Florida is known for many things, but reforming the criminal justice system ain’t one of them. State lawmakers often must be dragged kicking and screaming from their 19th-century ideas about crime and punishment.

It took a voter-approved constitutional amendment to finally end Florida’s practice of disenfranchising convicted felons who paid their debt to society, a remnant of the state’s post-Civil War “black codes.”

It took a state Supreme Court decision to force state lawmakers to pass a law requiring unanimous jury decisions before sentencing someone to death, and to stop judges from imposing the death sentence over even when a sentencing jury decides otherwise.

Reform comes so seldom for Florida that in 2019 it was considered a major victory when the Legislature took the modest steps of raising the bar for felony grand theft from $300 to $750 and halting the practice of making it a criminal offense to drive without a license.

That same year lawmakers took a pass on a much bolder initiative: Allowing judges to reduce mandatory jail time for people convicted of nonviolent crimes, like drug offenses.

No surprise then that Florida is the only state in the Southeast — and one of the few in the entire United States — that isn’t participating in the Justice Reinvestment Initiative, a 15-year-old public-private partnership that helps states reform sentencing and corrections policies.

The initiative isn’t a get-soft-on-crime effort. It’s intended to help states figure out how to make the most of their prison resources, while lowering crime and saving taxpayer money in the process. If the intent was to coddle criminals, we doubt that get-tough-on-crime states like Louisiana, Alabama, Georgia and Mississippi would have signed up.

Florida, however, seems content to slog along as it has, locking up nearly 8 in every 1,000 Floridians in its state prisons and county jails. The incarceration rate in state prisons alone is nearly triple what it was in 1970.

Florida locks up its people at a higher rate than authoritarian nations like Iran, Cuba and China, though possibly less than North Korea. Not a great look for a place that’s started calling itself the “Free State of Florida.”

And the cost of housing, feeding and guarding some 80,000 inmates every year? Nearly $3 billion.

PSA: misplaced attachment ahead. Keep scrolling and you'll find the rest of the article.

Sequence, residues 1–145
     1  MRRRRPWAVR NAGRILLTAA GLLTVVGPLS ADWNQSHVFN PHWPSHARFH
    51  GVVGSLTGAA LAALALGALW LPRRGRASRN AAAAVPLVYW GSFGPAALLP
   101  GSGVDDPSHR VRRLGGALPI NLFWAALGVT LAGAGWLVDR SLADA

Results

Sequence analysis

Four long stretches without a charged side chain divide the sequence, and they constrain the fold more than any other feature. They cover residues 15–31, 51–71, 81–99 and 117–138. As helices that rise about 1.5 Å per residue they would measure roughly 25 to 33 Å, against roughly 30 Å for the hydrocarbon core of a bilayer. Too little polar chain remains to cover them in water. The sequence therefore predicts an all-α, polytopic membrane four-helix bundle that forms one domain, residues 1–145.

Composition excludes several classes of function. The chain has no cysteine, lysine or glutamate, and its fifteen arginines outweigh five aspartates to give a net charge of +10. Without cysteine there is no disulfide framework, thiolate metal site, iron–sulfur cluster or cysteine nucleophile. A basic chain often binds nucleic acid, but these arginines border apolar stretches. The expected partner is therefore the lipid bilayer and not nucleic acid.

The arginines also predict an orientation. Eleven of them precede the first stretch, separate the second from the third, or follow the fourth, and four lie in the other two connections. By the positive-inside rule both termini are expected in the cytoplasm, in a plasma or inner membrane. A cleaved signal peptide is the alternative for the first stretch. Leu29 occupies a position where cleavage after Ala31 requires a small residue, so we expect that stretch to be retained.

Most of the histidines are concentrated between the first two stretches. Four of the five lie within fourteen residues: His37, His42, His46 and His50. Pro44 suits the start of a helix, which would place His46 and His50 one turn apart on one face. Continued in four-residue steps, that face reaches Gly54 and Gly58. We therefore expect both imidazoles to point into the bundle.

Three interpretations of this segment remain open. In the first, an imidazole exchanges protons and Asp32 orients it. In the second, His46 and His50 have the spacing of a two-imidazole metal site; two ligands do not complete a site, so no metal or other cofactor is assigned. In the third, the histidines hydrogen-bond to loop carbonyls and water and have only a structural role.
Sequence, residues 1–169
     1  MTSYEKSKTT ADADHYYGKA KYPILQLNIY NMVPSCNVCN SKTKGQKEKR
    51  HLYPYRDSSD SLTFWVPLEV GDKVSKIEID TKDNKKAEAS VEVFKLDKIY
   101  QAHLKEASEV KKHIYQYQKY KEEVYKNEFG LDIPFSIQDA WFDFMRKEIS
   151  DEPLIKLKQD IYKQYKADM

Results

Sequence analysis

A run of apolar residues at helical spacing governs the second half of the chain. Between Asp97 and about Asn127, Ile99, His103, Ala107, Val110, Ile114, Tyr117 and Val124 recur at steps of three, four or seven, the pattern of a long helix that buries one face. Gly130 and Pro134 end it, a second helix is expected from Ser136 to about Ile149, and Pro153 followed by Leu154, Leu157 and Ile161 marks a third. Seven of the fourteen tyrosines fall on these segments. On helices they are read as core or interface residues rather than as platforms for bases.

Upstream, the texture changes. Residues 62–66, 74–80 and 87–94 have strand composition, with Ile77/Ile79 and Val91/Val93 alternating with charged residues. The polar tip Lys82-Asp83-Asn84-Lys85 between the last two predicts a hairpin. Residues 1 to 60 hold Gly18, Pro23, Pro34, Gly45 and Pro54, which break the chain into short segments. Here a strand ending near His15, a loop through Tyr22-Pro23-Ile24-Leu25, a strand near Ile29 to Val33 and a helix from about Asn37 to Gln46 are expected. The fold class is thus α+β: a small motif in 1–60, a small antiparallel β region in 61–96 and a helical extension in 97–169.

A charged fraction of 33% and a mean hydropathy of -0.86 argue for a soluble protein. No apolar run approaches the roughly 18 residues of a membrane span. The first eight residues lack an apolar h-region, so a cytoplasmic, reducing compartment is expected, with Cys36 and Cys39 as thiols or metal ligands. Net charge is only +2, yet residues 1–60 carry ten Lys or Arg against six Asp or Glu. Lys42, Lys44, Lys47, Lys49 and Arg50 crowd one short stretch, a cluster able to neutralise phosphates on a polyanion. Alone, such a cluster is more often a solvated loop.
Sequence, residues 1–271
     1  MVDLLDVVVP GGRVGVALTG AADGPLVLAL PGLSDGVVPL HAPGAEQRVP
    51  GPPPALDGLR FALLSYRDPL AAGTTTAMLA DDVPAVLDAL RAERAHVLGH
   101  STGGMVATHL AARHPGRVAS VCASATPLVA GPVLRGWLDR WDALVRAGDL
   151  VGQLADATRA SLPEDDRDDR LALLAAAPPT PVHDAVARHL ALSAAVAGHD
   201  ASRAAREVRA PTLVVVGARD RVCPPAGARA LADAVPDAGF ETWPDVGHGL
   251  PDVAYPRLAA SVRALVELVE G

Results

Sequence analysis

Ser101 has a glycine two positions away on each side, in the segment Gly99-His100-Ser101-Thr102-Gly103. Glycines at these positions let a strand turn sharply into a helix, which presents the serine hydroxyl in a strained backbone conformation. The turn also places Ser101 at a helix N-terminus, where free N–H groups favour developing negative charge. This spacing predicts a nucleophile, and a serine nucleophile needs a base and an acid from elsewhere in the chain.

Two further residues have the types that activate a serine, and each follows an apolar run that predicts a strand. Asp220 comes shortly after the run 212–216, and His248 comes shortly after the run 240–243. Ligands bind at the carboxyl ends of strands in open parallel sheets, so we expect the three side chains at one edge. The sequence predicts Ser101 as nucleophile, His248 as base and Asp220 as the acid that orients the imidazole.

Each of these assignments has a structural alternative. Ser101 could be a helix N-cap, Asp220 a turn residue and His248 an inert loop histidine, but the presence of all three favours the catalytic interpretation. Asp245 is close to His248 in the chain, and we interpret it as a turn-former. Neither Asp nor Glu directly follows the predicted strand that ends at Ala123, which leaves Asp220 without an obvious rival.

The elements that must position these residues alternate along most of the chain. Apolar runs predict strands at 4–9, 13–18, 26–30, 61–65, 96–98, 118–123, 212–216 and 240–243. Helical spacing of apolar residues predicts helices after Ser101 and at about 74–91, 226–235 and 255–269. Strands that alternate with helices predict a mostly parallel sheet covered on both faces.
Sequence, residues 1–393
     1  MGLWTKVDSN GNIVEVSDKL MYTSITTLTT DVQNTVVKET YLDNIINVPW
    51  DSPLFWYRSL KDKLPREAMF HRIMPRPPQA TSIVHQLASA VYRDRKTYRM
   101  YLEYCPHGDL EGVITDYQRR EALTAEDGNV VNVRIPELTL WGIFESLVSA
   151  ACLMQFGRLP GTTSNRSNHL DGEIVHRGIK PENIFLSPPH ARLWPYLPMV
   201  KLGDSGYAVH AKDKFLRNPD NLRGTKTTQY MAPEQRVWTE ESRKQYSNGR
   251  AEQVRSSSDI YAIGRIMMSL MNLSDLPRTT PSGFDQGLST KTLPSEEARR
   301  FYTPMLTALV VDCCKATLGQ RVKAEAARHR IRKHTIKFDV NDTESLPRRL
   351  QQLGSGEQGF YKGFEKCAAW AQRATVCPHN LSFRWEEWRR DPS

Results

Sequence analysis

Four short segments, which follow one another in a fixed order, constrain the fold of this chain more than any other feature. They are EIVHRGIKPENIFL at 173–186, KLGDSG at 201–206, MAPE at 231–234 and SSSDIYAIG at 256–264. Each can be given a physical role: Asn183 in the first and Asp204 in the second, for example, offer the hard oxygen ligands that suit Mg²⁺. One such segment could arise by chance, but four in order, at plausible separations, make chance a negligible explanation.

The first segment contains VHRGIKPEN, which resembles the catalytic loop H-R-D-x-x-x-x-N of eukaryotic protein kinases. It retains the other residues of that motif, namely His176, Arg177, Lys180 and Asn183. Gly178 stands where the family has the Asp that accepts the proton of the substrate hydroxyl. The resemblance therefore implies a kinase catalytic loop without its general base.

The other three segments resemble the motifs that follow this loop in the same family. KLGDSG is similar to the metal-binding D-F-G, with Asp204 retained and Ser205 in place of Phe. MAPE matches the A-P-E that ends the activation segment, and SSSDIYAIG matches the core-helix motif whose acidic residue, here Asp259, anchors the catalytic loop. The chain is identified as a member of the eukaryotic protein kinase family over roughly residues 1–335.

One of the reasons Florida’s prisons are over-burdened is because the state stopped granting parole to anyone convicted of a crime after 1983. Parole allows a state commission to decide if an inmate — based on a variety of circumstances (including advanced age) — should be released under close supervision before their sentence is complete. It’s different from probation, which is a court-imposed period of supervision after someone serves their sentence.

Florida is now one of 16 states without parole.

Florida’s prison crowding has made the job of guarding inmates one of the most miserable occupations imaginable. The state has already signaled in meetings ahead of its January lawmaking session that guards are in line for pay raises.

That’s a start, but it is, once again, just like Florida to think Band-Aids are going to stop the bleeding from a gaping wound.

It seems obvious that Florida could use the help, so why not ask for it from the Justice Reinvestment Initiative? It’s a resource, a link to experts and expertise who can help the state. Take advantage of it.

Lawmakers also need to have a more open mind about reforming the justice system, including the fixation on mandatory minimum sentences for crimes, particularly nonviolent crimes. And they need to listen less to the Florida Sheriff’s Association, a too-powerful lobby that remains fixated on a just-lock-’em-all-up solution to crime.

Florida needs to become better known as a 21st century state that can keep its people safe without remaining stuck in the 19th century.

– Orlando Sentinel